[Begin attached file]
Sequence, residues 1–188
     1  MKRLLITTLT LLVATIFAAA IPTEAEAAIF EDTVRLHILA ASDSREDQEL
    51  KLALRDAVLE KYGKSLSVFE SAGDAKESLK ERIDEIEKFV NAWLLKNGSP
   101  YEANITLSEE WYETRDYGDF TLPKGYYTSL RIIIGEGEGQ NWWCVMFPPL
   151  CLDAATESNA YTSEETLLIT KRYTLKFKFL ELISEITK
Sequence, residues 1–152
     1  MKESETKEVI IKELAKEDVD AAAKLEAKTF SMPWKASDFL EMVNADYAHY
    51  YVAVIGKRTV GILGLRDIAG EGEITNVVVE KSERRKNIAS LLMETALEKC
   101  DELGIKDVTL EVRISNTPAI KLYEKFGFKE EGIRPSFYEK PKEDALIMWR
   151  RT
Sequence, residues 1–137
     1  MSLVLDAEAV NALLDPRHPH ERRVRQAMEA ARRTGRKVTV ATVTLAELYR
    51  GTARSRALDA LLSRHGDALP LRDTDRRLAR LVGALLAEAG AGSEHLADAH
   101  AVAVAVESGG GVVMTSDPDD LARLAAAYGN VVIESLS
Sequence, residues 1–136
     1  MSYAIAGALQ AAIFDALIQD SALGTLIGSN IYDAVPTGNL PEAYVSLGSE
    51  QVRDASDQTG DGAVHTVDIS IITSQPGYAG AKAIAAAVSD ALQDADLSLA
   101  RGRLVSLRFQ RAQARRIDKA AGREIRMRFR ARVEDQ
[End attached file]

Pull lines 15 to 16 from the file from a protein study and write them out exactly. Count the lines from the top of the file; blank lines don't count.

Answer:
Sequence, residues 1–136
     1  MSYAIAGALQ AAIFDALIQD SALGTLIGSN IYDAVPTGNL PEAYVSLGSE